What is our COVID Endgame?

By | August 13, 2021

As we continue to struggle with vaccination rates, the debate rages over individual rights and the politicization of the present situation. Because of this it is essential to step back and decide upon our goals.  Are we attempting to eradicate, eliminate, cohabitate, or conflagrate with the virus? With each of these, the endgame is drastically different.

For instance, eradication would require the permanent global reduction of the prevalence of COVID to zero. For this to occur, it would require herd immunity secondary to infection or vaccination, which would need to be highly effective against all variants present and future to prevent transmission or reinfection. Although unlikely, this aspirational goal is possible, as exemplified by smallpox.

Other viral illnesses such as measles and mumps have reached eradication at a regional level, which fits into the elimination category. Elimination of COVID is a distinct possibility since certain countries are coming closer to herd immunity, are beginning their booster vaccinations, and have decided that it is in their nation’s best interest to act as one. Also, ongoing vaccination against COVID and its variants would be required, especially if the initial transmission is a zoonotic transfer from reserves in unidentified animals.

Cohabitation will exist if eradication or elimination is not possible due to the dynamics that might permeate, such as less than optimal vaccination occurrences, vaccines that are not highly effective, or rapid variant formation. In this scenario, the goal is to minimize the impact of illness severity due to the virus and protect those most at risk. The measure of success is sparse reinfections, rare vaccine breakthroughs, negligible secondary transmissions, and low morbidity and mortality rates. In a cohabitation model, distinct viral-free pockets of the country will occur while other areas will see elevated infection rates.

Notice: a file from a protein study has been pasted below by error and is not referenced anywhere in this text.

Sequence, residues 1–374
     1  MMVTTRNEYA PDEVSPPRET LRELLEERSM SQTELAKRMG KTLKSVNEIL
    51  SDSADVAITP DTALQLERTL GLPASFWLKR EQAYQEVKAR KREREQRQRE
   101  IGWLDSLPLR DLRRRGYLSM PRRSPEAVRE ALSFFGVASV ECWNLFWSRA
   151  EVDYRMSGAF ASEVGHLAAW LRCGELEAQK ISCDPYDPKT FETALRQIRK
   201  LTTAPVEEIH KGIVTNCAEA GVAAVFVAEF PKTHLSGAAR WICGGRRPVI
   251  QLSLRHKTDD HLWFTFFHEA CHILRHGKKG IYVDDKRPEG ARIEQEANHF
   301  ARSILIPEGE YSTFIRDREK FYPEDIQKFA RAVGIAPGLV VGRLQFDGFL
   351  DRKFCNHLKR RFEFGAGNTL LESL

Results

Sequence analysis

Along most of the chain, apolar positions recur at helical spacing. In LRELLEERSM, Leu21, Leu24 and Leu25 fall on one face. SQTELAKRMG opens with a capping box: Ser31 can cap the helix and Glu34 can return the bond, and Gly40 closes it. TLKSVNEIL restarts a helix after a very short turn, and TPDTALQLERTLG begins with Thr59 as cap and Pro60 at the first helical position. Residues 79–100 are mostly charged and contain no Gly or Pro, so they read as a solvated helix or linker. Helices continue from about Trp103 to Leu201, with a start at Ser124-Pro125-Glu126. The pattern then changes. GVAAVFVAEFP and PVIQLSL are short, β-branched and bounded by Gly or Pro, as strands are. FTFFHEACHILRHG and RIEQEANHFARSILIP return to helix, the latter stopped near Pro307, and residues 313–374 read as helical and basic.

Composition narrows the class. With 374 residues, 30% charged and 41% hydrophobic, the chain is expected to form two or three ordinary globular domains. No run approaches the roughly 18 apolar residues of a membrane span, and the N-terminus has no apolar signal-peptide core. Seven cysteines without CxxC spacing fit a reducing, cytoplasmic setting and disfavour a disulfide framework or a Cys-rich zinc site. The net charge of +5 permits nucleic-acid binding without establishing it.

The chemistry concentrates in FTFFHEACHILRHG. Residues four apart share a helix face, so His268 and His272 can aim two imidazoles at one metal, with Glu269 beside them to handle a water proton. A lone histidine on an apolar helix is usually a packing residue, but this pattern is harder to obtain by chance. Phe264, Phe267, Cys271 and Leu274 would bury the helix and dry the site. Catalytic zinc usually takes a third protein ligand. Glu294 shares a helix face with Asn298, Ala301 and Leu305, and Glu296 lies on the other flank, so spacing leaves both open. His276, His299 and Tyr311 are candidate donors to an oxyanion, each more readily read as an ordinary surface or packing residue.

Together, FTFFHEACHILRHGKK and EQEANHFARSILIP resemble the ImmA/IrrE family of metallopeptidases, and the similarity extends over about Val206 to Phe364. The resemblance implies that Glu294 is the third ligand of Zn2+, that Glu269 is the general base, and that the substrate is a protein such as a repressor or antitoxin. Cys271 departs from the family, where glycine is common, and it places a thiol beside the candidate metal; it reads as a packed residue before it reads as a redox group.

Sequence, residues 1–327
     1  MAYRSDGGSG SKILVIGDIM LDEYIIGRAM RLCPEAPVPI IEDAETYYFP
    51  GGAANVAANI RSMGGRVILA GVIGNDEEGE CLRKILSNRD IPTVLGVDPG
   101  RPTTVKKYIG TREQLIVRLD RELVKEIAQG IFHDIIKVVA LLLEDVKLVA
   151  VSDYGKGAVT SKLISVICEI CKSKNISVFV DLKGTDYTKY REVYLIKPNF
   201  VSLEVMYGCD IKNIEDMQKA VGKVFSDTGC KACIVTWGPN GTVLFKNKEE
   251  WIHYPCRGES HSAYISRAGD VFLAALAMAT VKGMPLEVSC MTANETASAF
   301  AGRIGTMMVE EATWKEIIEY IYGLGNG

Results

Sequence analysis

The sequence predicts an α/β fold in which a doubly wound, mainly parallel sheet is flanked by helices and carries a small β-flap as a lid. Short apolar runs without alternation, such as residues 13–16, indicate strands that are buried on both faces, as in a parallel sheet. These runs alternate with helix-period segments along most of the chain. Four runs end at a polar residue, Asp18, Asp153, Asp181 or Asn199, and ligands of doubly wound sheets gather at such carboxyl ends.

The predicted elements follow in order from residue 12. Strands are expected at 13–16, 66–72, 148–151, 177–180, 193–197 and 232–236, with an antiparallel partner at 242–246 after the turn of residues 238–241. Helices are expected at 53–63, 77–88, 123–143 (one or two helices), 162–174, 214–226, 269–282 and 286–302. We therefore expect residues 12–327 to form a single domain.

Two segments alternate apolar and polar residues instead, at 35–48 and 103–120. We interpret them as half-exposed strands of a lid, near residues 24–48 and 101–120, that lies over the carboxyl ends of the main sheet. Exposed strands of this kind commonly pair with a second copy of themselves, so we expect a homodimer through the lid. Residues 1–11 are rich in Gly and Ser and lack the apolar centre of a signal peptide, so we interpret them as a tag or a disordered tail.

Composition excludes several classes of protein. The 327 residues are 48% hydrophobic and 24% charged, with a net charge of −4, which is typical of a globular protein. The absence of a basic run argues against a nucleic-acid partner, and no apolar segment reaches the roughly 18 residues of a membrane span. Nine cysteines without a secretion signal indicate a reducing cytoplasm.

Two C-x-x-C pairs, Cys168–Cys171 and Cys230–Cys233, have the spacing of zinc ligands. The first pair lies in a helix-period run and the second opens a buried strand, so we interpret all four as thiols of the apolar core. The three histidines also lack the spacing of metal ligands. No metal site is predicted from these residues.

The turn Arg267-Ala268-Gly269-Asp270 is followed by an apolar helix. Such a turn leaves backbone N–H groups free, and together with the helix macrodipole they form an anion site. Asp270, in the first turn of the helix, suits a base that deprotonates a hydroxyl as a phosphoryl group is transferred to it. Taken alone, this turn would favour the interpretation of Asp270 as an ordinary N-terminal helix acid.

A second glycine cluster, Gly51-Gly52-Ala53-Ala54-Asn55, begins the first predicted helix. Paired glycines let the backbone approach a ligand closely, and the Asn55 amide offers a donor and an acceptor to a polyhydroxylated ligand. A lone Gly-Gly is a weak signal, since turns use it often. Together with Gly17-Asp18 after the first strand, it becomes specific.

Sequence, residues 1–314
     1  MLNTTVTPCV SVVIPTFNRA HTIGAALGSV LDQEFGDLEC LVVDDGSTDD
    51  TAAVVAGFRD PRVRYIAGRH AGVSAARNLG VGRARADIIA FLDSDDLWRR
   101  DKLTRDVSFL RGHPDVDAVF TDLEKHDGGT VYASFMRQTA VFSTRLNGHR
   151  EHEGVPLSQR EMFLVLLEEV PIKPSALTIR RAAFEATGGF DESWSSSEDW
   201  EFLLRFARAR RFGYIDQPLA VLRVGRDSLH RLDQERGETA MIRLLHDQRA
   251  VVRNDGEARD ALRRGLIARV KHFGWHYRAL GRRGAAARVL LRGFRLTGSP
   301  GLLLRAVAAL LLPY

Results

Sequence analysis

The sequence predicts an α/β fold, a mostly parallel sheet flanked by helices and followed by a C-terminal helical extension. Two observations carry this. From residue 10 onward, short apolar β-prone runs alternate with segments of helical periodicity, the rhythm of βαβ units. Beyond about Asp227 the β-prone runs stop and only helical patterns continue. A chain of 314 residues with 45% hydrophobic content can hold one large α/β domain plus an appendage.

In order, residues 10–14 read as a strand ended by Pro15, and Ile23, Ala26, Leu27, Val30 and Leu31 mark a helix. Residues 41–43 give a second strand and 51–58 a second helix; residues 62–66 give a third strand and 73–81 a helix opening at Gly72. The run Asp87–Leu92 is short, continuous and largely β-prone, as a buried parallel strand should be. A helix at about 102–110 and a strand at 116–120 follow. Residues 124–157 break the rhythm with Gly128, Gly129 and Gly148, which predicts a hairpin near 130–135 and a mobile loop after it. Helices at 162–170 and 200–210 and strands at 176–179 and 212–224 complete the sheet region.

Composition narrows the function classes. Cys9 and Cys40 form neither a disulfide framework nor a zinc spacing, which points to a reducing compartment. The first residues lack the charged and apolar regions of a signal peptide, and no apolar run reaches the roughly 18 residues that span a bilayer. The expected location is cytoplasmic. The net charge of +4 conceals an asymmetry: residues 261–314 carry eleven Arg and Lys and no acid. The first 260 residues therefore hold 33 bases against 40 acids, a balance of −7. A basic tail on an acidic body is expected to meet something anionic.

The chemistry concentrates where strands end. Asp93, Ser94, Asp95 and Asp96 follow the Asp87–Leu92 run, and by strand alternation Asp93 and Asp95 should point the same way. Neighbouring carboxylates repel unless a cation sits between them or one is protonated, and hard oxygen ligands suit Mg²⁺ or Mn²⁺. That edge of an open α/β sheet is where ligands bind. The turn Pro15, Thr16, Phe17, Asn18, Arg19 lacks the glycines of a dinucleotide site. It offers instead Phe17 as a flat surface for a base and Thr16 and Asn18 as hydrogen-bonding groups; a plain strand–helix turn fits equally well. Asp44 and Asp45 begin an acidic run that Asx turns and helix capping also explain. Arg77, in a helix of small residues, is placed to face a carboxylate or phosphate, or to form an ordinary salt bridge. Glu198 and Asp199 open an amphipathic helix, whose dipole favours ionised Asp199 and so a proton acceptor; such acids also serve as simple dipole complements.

Without cohabitation as an option, conflagration or mass infection will continue to occur. In this scenario, there will be a steady-state characterized by moderate-level endemicity of the virus. Circulation will remain robust, with greater morbidity and mortality. Our health systems will continue to be stretched, and we will not return to any sense of previous normalcy. Waxing and waning of virus prevalence will occur, and newer, more virulent strains are likely.

Undoubtedly, we have public health measures that work. And we have a highly effective vaccine. However, what we do not have is the nationalistic approach needed to reach even cohabitation. And conflagration will lead to continued polarization. Only through steadfast purpose, agreement on a common good, and the suspension individualism will we move out of our present state. Unfortunately,, we are reaching a point when the decision becomes even more apparent, but that may only occur after a significant amount of pain and suffering. Division amongst us will occur not over thoughts, but because of the virus itself. We will see those that choose cohabitation and those that believe conflagration is acceptable.